‘Tis the season to get educated on house fire safety!

I was recently in an early childhood education class where there was a guest speaker who was a firefighter.  She was giving us all the dirty details about fire safety, with an emphasis on being responsible during the holiday season – cookie baking, Christmas tree decorating, outdoor light stringing, etc.  Coming out of this class I realized how unprepared my family was for any kind of fire emergency.  Cue the manic googling and amazon-ordering.

A few things I learned…. house fires are more common than you probably think.  According to the National Fire Prevention Association*, firefighters respond to a house fire every 87 seconds and an average of 7 people die in a house fire per day in the US.  The top three causes of fires in homes are cooking, heating equipment, and electrical malfunction.  Only 26% of families have a practiced fire safety plan in place.

Scary stats, I know! So I did some research and came up with my top tips for house fire safety and planning that will take you less than an hour to do!

  • Smoke detectors. The risk of losing a life in a house fire is cut in half for those in homes with working smoke alarms! Check your smoke detectors once a year.  For those hard-to-reach detectors, look into investing in a smoke detector pole like this one, or reach out to your local fire station who often offer free detector poles.  (I received one from the firefighter speaker, it’s a long pole with a teeny-tiny plastic hand on the end, which makes it super fun for my kids to “help” with this task. Ha!)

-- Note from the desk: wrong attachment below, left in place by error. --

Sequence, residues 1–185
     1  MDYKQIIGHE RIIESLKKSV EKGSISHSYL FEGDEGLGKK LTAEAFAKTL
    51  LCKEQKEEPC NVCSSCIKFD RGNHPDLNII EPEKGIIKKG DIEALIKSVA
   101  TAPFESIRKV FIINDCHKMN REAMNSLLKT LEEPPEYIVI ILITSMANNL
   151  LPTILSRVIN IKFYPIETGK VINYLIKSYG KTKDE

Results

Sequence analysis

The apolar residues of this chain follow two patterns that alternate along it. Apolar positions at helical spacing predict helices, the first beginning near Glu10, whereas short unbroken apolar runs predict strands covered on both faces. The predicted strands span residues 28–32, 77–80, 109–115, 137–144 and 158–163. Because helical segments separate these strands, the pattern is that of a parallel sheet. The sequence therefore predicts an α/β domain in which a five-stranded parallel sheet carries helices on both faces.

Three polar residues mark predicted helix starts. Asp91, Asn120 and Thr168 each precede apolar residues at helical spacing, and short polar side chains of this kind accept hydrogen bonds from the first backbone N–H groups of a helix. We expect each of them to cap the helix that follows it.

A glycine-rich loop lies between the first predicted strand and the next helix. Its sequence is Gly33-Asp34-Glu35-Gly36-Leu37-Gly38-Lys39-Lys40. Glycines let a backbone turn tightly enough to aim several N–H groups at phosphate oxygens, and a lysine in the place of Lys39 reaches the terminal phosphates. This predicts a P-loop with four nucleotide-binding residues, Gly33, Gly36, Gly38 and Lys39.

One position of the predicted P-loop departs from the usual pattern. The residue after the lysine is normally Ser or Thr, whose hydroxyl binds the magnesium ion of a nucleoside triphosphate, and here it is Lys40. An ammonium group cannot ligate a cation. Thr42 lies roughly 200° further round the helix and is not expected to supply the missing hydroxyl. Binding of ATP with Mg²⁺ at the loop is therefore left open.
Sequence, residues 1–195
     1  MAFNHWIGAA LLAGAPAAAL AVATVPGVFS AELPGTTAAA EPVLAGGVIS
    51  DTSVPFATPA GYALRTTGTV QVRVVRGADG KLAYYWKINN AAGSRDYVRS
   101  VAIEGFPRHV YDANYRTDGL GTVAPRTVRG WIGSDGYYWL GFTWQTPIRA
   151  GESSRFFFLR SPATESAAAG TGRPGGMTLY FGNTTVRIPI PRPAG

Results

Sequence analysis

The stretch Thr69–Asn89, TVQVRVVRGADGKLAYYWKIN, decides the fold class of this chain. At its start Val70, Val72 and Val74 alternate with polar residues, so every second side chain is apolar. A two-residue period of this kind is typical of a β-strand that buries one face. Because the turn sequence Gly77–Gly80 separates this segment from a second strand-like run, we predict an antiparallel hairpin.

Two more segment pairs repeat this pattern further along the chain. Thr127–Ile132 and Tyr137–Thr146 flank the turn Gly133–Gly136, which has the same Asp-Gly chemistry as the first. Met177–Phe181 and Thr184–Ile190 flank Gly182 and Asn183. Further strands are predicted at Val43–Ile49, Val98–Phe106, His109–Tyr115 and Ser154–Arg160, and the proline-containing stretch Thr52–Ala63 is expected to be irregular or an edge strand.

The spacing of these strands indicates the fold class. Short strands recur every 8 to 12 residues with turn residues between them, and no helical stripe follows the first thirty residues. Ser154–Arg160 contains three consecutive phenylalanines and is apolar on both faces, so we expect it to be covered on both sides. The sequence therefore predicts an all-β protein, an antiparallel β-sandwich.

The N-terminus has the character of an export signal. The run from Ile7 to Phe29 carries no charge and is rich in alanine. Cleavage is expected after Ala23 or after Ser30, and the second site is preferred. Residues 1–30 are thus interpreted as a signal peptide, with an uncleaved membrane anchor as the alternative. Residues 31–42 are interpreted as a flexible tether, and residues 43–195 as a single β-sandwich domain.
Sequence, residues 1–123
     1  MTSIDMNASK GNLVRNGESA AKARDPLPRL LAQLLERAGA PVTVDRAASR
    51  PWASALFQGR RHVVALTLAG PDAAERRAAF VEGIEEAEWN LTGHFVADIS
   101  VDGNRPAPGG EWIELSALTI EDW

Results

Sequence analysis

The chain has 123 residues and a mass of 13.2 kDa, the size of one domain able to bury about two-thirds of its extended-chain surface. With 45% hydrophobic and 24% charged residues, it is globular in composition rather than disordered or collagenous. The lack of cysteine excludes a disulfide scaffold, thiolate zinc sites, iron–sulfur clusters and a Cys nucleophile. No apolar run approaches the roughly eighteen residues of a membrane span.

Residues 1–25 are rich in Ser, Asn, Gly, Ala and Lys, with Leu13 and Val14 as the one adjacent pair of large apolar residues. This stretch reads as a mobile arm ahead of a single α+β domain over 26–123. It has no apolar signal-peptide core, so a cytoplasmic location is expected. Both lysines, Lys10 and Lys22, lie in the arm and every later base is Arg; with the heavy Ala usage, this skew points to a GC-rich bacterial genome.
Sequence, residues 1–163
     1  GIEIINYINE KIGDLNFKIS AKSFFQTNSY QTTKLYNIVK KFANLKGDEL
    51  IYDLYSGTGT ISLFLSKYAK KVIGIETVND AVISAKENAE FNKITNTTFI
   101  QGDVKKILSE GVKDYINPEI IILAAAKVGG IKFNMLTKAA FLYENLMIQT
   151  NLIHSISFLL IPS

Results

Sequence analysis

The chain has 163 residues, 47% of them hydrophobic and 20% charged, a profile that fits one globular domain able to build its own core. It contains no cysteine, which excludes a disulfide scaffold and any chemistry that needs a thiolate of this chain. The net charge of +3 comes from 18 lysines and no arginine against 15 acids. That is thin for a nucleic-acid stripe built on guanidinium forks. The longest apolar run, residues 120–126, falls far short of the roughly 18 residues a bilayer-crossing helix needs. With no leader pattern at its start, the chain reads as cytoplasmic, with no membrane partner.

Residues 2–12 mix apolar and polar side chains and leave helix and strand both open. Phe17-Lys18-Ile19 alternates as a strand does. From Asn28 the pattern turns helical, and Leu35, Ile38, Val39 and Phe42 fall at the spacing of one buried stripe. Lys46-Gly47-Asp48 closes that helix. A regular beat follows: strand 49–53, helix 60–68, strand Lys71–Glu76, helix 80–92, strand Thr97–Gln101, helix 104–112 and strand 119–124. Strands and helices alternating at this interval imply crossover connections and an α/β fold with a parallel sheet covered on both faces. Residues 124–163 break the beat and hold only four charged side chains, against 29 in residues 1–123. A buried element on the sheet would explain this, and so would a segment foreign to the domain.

• Safety equipment. Have a fire extinguisher on every floor (multiple if you have a larger floor plan) and make sure everyone in your family knows where they are.  Keep in mind that these have expiration dates printed on them so double check the ones you own every few years.  If you have upper levels in your home, think about purchasing a fire escape ladder like this one.   
  • Identify safety hazards.  Check the lint in your dryer, make sure any heating appliances are at least 3 feet from anything flammable, extinguish embers in your fireplace before leaving the room, etc. There are so many great resources and checklists on the NFPA and Red Cross websites.
  • Create a family fire escape plan. It’s especially important to teach your children about a plan in case of a fire.  This doesn’t have to be a scary learning experience for them if you involve them in the planning!  This is a great resource for creating a fire plan with your family.  It’s really comforting to now ask my kids what they should do and where we should meet if there’s a fire, and they have an answer! 

I hope these tips help you to feel prepared and safe in your home!

*NFPA.
Read more home and safety tips from us here.